Image theatre

image theatre

Objective: Encourage children to use drama as a medium to encourage dialogue on issues affecting them and provide fun and active ways for children to voice their own views on a matter of concern.

Age group: 8-14

How many children? 5-10 children

Time: 2 hours

Resources needed: A space where you can move around and make some noise

 

 

1. Numbered Images

Purpose: To raise energy levels and help foster team work

  1. Ask the group to move around the room
  2. Ask participants to get quickly into groups of two, three, four or whatever number you shout out. Then immediately give them all an idea, issue, object or location, which they have to express in a frozen picture. For example, say:
  • a parent & child
  • a wedding
  • a spider
  • a table
  • a teacher and his/her pupils

 

2. Image of the Word

Purpose: To give participants an introduction to the idea of making an ‘image’, by which we mean a fixed, silent, statue like shape.

  1. Ask participants to stand in a circle facing outwards while you stand in the middle.
  2. Explain to participants that you will count 1, 2, 3 and then call out a word. As soon as they hear that word, they should turn around and make an image or statue representing that word. Their image should neither move nor make any sound. They should do this immediately without thinking. We want them to do it spontaneously. Remember, when they turn around and make their images, ensure they stay ‘frozen’ and silent. Encourage them to look around at the shapes other people have made. Here is a list of words that you might use. It is a good idea to prepare your own.

– Happy – Cold – Big – Sad – Angry – Tree – Father – Proud – Frightened – Mother – Home – Woman – Teacher – Funny

 

3. Group Images

Purpose: To demonstrate how games involving ‘statues’ and ‘frozen’ pictures can help children express their ideas and opinions in a safe and fun way. This portion of the activity requires note-taking and data collection on the issues identified and resulting discussions.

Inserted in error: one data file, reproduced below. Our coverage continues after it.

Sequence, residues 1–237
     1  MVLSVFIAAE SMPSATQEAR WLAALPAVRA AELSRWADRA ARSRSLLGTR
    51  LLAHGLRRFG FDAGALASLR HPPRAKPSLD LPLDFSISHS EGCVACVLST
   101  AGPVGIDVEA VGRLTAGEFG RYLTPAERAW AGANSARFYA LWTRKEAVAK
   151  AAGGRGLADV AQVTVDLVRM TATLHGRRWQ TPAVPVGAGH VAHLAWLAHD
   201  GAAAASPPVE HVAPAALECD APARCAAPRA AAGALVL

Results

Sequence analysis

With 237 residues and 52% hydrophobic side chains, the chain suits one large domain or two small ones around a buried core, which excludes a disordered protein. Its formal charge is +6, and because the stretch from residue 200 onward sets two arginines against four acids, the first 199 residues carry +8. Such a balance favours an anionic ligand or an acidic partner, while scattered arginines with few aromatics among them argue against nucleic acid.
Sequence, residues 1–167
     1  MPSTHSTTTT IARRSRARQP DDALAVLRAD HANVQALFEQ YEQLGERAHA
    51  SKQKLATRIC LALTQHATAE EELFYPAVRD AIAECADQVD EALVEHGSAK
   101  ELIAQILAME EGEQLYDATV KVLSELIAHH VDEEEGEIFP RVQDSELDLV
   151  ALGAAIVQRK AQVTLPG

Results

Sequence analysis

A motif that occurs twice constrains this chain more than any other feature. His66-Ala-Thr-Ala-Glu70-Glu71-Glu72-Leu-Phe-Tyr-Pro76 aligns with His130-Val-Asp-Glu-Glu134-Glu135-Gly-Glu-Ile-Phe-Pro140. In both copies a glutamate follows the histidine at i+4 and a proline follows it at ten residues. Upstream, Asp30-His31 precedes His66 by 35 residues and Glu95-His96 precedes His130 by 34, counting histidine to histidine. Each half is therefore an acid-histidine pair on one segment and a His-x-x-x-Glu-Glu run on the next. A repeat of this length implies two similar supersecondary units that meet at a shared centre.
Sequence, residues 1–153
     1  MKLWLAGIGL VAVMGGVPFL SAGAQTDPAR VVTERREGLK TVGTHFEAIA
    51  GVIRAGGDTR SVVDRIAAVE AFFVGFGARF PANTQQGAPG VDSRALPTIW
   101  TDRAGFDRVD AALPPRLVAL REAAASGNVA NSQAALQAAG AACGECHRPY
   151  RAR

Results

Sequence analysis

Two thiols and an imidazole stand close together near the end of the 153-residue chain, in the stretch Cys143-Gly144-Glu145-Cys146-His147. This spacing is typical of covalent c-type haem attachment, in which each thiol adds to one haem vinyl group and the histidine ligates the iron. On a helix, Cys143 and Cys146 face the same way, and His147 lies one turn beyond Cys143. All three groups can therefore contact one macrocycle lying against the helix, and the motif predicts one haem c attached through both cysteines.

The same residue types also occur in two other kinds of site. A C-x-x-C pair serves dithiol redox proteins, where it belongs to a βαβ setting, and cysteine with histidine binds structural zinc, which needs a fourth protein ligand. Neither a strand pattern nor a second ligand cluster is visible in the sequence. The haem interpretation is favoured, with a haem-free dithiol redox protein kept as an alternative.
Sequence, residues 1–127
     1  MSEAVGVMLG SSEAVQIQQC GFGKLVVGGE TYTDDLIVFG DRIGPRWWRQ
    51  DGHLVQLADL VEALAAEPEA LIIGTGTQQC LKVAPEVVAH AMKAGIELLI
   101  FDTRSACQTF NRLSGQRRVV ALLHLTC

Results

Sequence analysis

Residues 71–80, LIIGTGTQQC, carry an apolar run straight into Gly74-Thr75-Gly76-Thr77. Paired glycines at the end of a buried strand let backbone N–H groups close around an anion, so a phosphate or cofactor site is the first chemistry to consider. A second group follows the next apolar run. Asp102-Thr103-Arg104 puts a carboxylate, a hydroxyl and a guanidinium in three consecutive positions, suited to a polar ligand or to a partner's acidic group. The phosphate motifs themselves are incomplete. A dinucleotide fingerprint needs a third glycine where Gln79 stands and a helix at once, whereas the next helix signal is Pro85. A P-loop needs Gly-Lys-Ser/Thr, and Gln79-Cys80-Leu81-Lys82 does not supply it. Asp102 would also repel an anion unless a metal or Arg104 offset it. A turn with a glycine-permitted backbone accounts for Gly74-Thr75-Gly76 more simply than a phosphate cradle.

1. Begin by demonstrating what a frozen picture or group image is. Ask for four volunteers to come up and sit in a row. Tell them that you are going to ‘sculpt’ them i.e. put them into position and that you want them to hold that position. They should neither move nor speak. It is a good idea to arrange them so that they look like four musicians, as the other participants who are watching should be able to understand what you are doing.
  2. Now, ask the participants who are watching what they think the picture is. If somebody answers ‘Four musicians’ or ‘a band’, you will know that you have made a clear picture. Never tell the audience that they are wrong. They never are.
  3. Now that everyone has got the idea, put participants into subgroups of four or five. Tell them to work alone for five minutes preparing three frozen pictures representing the following ideas:
  • Something that makes children sad
  • Something that makes children frightened
  • Something that makes children happy
  1. Stress that when they show their pictures the audience should understand why the people in the picture feel sad, frightened or happy.
  2. When they are ready invite each group into a space where everyone can see them and ask them to show their three pictures in any order they please without telling the audience which is which.
  3. Ask the audience if they can tell which picture is which and why. [Take a photo of the images] Ask participants to comment on the picture. Is it clear? Is it interesting? Encourage group discussion on the ideas expressed through the image; and follow up on discussion to ask children why they guessed certain images. (Remember to take thorough notes of this discussion)

This activity was developed by War Child Holland


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